Former India international Kannan’s last rites delayed as wives fight over dead body

The former forward, who played 14 matches for India, died following a prolonged illness on Sunday. He is survived by wife Antoinette and two daughters.

P. Kannan scores against Malaysia in a Merdeka Cup Soccer Tournament game in Kuala Lumpur on August 11, 1968. Malaysia recovered to win 2-1. (Published in The Sportstar on August 29, 1981)   -  THE HINDU ARCHIVES

Former India footballer P Kannan’s body was left in the morgue for three days and was finally sent to Bengaluru for cremation, following a bitter feud between one of his two former wives and the current wife.

The former forward, who played 14 matches for India, died following a prolonged illness on Sunday. He is survived by wife Antoinette and two daughters.

But at the time of the body’s release, Kannan’s first wife Vijay Laxmi flew down from Bengaluru to claim possession, producing marriage certificate.

During the controversy, it also came to light that Kannan also had a third wife, who is not traceable. The dead body remained at the Gora Bazar morgue in Dum Dum for three days.

“The issue is sorted and his first wife took the body to Bengaluru after Antoinette relented,” South Dum Dum councillor Sanjoy Das told PTI.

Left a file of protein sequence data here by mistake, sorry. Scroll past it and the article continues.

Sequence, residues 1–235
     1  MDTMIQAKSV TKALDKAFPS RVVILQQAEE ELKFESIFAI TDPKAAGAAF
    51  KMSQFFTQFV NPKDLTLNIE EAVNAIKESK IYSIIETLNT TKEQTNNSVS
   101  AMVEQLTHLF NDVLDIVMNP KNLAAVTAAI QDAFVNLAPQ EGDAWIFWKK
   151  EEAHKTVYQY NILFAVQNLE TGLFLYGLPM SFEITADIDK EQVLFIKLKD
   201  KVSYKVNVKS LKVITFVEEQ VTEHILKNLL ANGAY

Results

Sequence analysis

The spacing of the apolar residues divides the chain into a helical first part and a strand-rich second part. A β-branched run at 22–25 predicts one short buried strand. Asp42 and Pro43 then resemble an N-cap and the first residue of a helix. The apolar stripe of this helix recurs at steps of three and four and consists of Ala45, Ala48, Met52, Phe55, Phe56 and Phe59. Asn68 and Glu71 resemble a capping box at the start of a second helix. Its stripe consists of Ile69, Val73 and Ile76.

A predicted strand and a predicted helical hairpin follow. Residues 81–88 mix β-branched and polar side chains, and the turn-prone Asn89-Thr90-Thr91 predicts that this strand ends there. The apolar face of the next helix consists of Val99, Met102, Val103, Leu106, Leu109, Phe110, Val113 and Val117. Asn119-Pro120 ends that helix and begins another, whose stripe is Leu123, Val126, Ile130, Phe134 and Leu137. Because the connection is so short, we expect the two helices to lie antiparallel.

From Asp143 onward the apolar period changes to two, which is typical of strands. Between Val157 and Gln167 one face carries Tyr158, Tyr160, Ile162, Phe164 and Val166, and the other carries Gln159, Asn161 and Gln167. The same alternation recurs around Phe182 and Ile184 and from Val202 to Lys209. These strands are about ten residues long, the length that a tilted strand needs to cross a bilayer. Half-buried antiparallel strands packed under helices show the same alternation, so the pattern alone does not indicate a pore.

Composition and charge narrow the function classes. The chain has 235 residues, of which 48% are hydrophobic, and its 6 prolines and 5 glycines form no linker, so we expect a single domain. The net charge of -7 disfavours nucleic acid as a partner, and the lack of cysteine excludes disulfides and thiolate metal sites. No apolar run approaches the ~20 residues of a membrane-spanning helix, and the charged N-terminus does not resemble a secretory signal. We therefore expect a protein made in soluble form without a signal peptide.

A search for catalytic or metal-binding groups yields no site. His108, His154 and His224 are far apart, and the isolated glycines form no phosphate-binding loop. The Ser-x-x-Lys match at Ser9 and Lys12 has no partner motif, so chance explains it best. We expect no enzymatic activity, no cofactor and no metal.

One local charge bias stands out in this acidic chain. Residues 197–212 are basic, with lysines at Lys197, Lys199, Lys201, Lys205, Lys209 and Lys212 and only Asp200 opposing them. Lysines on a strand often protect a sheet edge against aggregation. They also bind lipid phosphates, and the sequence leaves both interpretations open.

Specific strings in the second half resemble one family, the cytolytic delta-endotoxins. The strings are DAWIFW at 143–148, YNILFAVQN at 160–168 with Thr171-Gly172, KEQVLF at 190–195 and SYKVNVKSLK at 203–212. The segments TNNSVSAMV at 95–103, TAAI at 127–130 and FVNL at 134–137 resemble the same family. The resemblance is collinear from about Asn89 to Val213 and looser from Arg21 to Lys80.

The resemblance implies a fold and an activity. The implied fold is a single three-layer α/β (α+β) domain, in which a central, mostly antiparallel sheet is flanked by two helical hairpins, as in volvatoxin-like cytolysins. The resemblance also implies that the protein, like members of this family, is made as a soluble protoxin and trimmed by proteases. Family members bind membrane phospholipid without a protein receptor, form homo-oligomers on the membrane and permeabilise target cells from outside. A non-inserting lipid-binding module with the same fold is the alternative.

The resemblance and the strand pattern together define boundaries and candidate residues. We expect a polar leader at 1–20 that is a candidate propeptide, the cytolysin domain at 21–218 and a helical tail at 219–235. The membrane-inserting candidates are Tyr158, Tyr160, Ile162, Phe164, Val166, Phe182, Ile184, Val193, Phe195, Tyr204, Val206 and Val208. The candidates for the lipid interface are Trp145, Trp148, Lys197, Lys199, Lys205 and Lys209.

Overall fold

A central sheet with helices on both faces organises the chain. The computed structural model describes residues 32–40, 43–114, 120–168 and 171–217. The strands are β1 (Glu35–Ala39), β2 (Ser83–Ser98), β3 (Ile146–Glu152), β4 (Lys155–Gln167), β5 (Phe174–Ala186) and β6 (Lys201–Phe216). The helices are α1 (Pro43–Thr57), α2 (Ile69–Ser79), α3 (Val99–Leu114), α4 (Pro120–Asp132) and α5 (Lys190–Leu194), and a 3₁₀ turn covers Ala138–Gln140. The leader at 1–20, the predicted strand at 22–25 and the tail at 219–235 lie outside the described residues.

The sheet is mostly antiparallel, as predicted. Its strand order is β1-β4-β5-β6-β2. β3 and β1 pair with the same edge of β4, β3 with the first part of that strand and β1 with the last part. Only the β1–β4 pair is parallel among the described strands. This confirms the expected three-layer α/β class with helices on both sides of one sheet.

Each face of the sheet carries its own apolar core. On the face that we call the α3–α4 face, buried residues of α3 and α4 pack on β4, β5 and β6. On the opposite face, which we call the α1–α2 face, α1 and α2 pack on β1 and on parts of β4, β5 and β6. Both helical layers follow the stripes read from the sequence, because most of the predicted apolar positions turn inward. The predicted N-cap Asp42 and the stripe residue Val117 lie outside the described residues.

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Kannan’s Kolkata-based wife Antoinette said she has given a no-objection letter.

“I’ve given a no-objection letter and handed over the body to them. I’ve all the documents. I took care of him when he was alive and needed me. There’s no point fighting over a dead body. It’s just a log. As a wife, I have done my duty. I gave him everything that he needed,” Antoinette told PTI.

“I’ve been married to him since 1975. It’s been a long time. And when he was hospitalised, I was with him. There’s no point running for the dead body. He may have 10 wives but they have not done anything for him when he was alive. I didn't know about his marriage,” she added.

The former Mohun Bagan and East Bengal forward was diagnosed with severe osteoarthritis. Heart problems compounded his misery.

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Kannan was one of the few players of extraordinary calibre to have come to Bengal as he plied his trade both in Mohun Bagan and East Bengal and also represented India at the 1966 Bangkok Asian Games and 1968 Meredeka Cup before leaving the pitch in 1982.

He also top scored in the Santosh Trophy for Bengal twice in a row (1971-73).

Legendary German coach Dettmar Cramer called him the ‘Pele of Asia’ in 1968 when he was invited by the AIFF to conduct a two-week coaching in Mumbai.

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